Market analysts including Howard Ruff, long-time financial advisor and founder of the 35 year-old investing newsletter The Ruff Times, are becoming quite bullish on uranium mining stocks. In a recent interview with The Gold Report, Ruff acknowledged his enthusiasm for uranium mining plays.
“Uranium mining interests me because there’s going to be demand,” he explained. “There are enough nuclear plants either under construction or on the drawing boards and there’s only half enough uranium above ground to service their needs.”
For those who like to play it safe, big producers and development companies with identified resources in the ground offer the best investment prospects for this sector, advises Ruff. Of course, investing in uranium explorers can be quite profitable, but should be left to those not adverse to risky endeavors.
Cameco to Make a Play for Paladin?
There’s a lot of speculation swirling in the marketplace about the prospect of Canada’s mining giant Cameco making a bid for Australia’s Paladin Energy.
Cameco, the world’s second largest uranium producer, is looking to double its annual uranium output from its current holdings by 2018. Adding some additional producing mines to its largesse would go a long way toward securing its already prominent foothold in the uranium supply market.
Back in November 2009, Cameco CEO Jerry Grandey said the miner was seriously considering acquisitions and mentioned Paladin as an attractive target. The main drawback, however, is the cost. “We’ve always been challenged by the valuation,” Grandey said.
RBS analysts Lyndon Fagan says Cameco would most likely need to fork over a premium of more than 30 per cent Paladin’s current share price. The Australian Financial Review says the takeover could cost $3.7 billion.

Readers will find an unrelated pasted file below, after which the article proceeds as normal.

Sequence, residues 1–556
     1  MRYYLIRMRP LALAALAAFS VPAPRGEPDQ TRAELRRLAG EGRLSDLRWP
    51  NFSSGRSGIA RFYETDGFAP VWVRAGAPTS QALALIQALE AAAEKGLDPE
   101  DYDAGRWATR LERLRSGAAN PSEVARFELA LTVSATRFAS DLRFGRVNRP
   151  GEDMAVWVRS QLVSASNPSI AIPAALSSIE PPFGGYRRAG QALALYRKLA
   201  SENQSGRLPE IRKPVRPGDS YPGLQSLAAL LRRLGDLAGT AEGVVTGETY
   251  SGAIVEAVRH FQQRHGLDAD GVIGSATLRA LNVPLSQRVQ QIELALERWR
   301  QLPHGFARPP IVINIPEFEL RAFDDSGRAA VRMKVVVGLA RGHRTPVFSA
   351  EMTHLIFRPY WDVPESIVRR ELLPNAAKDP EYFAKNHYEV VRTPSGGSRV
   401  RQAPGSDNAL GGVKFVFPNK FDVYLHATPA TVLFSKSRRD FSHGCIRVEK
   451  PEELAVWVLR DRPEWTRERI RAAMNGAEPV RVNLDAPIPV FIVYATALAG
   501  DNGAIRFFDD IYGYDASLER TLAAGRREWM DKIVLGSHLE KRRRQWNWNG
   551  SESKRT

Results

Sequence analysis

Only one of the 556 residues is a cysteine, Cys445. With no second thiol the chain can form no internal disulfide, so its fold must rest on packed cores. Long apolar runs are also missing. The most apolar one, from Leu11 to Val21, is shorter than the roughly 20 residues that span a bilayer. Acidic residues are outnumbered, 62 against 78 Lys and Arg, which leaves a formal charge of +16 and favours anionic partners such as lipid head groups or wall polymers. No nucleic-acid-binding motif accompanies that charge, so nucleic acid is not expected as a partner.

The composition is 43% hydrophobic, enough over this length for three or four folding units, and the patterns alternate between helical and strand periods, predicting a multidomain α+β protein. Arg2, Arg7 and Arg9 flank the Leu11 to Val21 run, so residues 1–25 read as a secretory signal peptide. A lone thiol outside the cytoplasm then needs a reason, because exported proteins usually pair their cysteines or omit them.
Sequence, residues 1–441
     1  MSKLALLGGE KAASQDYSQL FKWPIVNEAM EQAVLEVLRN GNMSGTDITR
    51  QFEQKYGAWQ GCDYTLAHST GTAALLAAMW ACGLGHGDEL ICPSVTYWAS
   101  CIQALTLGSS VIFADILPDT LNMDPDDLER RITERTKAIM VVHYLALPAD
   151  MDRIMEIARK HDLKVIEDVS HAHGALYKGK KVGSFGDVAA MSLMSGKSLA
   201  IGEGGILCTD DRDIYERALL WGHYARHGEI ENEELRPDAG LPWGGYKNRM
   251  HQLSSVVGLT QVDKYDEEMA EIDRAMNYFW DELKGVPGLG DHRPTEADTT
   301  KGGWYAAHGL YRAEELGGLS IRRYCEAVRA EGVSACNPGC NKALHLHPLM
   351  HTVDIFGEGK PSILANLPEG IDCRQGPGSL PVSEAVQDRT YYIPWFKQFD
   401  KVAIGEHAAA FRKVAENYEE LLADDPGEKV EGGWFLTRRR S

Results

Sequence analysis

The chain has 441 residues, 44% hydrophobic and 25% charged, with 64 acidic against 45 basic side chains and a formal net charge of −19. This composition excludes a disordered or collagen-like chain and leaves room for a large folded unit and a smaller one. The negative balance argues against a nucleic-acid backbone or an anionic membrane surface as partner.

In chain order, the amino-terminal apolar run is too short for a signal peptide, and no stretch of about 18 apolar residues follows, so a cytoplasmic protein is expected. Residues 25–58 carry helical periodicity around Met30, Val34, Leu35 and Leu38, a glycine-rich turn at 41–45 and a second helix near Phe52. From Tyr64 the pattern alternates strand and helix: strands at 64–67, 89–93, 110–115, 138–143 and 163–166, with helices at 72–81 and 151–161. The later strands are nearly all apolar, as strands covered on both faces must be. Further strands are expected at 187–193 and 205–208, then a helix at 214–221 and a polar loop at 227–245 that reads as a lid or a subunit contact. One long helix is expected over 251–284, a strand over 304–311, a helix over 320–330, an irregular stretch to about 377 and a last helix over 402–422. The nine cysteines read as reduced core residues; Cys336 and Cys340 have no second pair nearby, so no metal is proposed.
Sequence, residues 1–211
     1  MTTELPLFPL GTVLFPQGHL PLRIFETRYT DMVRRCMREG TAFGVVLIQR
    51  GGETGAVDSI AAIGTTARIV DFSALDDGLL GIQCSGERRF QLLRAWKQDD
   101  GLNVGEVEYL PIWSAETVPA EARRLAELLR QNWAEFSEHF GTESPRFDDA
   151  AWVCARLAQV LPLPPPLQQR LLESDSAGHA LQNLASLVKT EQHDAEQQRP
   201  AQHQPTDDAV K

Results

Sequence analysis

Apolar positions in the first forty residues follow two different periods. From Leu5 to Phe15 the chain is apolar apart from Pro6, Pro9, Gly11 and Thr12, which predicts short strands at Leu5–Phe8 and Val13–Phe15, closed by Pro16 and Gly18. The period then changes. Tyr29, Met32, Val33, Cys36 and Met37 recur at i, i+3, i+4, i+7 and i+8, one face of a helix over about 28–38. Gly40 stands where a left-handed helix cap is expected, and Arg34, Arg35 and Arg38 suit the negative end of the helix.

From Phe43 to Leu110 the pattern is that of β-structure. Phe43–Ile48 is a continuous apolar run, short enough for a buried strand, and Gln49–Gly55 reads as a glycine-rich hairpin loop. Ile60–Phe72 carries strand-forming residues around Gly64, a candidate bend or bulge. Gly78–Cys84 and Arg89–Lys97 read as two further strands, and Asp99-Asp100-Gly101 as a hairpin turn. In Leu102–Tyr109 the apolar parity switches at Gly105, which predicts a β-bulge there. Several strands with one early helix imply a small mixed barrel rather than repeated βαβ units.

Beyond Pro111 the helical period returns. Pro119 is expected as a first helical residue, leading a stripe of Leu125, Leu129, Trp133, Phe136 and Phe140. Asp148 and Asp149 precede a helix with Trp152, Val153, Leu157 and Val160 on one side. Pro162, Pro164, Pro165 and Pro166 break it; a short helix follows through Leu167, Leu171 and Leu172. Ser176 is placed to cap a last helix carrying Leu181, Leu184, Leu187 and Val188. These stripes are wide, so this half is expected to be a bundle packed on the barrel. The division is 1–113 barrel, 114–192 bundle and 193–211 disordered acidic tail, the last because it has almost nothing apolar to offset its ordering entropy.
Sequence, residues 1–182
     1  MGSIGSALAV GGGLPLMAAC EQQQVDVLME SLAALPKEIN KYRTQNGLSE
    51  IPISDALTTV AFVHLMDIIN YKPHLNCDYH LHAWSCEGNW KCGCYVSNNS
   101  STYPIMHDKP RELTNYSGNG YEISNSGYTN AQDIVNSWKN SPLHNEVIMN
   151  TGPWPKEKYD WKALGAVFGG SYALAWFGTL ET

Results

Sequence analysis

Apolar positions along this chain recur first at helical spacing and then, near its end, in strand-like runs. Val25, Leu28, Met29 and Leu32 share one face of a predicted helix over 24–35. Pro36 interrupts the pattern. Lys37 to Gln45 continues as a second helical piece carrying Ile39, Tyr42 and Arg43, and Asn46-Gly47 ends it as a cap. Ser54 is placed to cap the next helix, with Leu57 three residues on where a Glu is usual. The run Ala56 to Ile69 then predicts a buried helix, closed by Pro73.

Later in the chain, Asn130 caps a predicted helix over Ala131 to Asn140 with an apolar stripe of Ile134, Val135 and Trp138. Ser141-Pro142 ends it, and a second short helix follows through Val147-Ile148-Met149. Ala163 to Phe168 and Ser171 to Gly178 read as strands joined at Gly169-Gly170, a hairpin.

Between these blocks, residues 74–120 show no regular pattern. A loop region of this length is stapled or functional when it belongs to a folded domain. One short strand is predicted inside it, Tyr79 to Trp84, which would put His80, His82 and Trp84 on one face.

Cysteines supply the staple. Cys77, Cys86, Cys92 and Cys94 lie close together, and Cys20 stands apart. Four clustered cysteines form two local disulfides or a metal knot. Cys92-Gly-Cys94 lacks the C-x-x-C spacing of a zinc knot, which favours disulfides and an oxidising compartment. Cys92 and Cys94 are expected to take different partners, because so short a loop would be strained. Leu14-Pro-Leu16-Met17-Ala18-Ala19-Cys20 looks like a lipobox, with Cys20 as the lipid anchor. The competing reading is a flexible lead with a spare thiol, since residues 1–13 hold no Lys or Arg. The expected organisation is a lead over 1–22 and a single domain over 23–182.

A 15 per cent retreat in the Australian miner’s share price over the last three months may have Cameco salivating. “I think Cameco would certainly be looking at Paladin,” said Fagan. “Paladin’s share price has been underperforming recently because of failing to deliver on production targets, and the recent weakness could provide an opportunity for the likes of Cameco.”
On Tuesday, shares in Cameco [TSX: CCO] were trading at $31.62. Shares in Paladin [ASX: PDN] were trading at $4.06.
Khan Resources Update
Last week, Khan Resources [TSX: KRI] announced the mining licence on its joint venture project on the Dornod deposit in Mongolia has been reinstated after a temporary suspension in July of last year.
The licence suspension came about as a result of the Mongolian government’s enactment of a new Nuclear Energy Law, which allows the government to take ownership without payment of at least 51 per cent of any uranium project with resources that were determined through exploration with state funding. The law even gives the government the right to take at least 34 per cent of projects developed even without the use of state funds.
Khan’s involvement in the Dornod project is as a partner in the Central Asian Uranium Company (CAUC). The miner has a 58 per cent interest in the property. The Mongolian government (21 per cent) and Russia’s state-owned Atomredmetzoloto JSC (21 per cent) are also partners.
Khan has received notice that the government may decide to increase its holdings to 51 per cent under the new legislation. “We view this notice as part of the process of implementing the new Nuclear Energy Law”, said Khan CEO Martin Quick.
Khan’s shareholders have until January 31 to come up with a “favourable resolution” or the mining licence could be revoked once again.
“We have been working cooperatively with representatives of the Mongolian government in an effort to reach a mutually satisfactory arrangement that will provide the framework which allows the government of Mongolia to achieve its goals while also protecting Khan’s investment in the project and enabling us as the operator to proceed with the development of the mine,” said Quick.
Khan is also facing a hostile takeover bid from their other CAUS partner, Russia’s ARMZ. Late last year, ARMZ issued a bid for all of Khan’s shares, which Khan’s management has urged shareholders to reject on the basis that it smells of opportunistic greed and is highly inadequate.
Are the Mongolian government’s actions towards Khan a part of ARMZ’s strategy to muscle Khan out of its stake in a key resource deposit? One wonders.
For more Uranium News go to Uranium Investing News